Thematic Panel 2 – Age(ing in the) Friendly City: Global Guidelines / Diverse Realities

Thematic Panel 2

Age(ing in the) Friendly City: Global Guidelines / Diverse Realities   

Conveners and Discussants:

Tamara Daly Ph.D. Professor and Director, York University Centre for Aging Research and Education, School of Health Policy and Management, York University, Canada and Susan Braedley, Associate Professor and Graduate Program Director, School of Social Work, Carleton University, Canada

Led by the World Health Organization, the Age-Friendly City framework guides cities to be places for all ages, with 700 cities currently holding designation. To receive age-friendly designation, local councils identify strategies across eight domains: outdoor spaces and buildings; transportation; housing; social participation; respect and social inclusion; civic participation and employment; communication and information; and community and health services.

While policy-makers grapple with adopting and implementing age-friendly strategies, they face growing diversity amongst seniors. Women make up a higher proportion of the oldest old.  In Toronto, Canada, one of the world’s most diverse cities, half identify as visible minorities, and nearly two-thirds as immigrants; eighty percent living in Canada twenty years or less are racialized.  New waves of older migrants are moving into European cities, requiring specific supports. Queer communities report discrimination in older age. Urban Indigenous peoples require specialized health and social care services.  Moreover, disability, poverty and aging policies are typically unaligned.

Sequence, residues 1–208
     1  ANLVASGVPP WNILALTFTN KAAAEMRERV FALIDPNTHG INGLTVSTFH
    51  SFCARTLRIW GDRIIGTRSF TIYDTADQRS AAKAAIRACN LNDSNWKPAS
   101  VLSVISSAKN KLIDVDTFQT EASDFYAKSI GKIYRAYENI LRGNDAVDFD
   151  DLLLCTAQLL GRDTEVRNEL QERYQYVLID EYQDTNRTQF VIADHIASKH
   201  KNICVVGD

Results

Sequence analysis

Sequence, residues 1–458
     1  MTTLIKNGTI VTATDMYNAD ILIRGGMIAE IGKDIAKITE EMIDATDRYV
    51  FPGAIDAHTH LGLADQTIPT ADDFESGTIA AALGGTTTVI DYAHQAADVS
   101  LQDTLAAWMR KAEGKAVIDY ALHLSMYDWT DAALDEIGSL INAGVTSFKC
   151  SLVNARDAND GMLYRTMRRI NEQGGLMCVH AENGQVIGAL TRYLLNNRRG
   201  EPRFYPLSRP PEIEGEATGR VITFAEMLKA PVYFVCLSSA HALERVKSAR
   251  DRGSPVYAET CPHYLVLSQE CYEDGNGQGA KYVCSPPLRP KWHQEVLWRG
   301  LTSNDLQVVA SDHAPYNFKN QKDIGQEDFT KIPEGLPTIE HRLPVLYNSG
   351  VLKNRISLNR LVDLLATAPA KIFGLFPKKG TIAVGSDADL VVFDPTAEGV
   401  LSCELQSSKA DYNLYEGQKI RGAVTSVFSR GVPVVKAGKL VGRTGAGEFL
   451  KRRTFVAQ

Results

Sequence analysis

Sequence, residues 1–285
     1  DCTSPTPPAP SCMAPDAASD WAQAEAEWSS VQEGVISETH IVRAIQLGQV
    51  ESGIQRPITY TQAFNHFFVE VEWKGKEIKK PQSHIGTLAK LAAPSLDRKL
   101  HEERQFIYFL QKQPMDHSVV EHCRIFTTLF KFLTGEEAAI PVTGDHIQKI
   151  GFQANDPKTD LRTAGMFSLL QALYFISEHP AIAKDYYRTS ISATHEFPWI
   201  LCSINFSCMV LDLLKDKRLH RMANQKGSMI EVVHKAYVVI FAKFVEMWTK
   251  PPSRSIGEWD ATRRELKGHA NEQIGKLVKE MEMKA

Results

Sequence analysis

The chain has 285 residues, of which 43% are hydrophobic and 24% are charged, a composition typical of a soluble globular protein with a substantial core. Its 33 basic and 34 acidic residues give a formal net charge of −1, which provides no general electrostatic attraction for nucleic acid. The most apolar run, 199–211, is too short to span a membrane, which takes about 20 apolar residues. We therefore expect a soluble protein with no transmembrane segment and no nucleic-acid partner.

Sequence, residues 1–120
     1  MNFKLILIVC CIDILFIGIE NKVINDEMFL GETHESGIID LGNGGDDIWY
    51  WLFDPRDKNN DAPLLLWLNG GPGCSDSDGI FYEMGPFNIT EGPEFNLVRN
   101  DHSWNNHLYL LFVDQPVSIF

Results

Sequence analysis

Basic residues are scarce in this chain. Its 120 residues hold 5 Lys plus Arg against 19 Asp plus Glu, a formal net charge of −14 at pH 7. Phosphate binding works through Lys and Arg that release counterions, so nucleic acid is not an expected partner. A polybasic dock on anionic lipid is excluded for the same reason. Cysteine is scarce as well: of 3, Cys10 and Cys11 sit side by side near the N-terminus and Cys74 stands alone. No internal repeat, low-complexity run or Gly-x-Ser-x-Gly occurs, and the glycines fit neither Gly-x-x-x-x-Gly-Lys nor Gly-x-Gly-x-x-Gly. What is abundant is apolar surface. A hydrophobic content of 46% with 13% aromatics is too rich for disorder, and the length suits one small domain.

This panel will explore priority-setting for age-friendly cities in multi-scalar ways, attending to how seniors’ diverse needs are addressed and what it means to be age-friendly considering seniors,  as well as their paid and unpaid care providers.  The panel welcomes submissions from scholars studying priorities for age-friendly cities and will take up the following questions:

  • What city-level priorities are included and excluded from age-friendly strategies?
  • To what extent are the priorities and strategies councils adopt addressing gender, culture, disability, racialization, indigeneity, poverty and/or sexual orientation?
  • How are paid and unpaid care providers needs addressed in strategies and priorities?
  • What types of tensions and alignments exist regarding aged care amongst different levels of government and how are these resolved?
  • Finally, what (if any) are promising practices for cities to address the diverse needs of seniors and those who provide their care?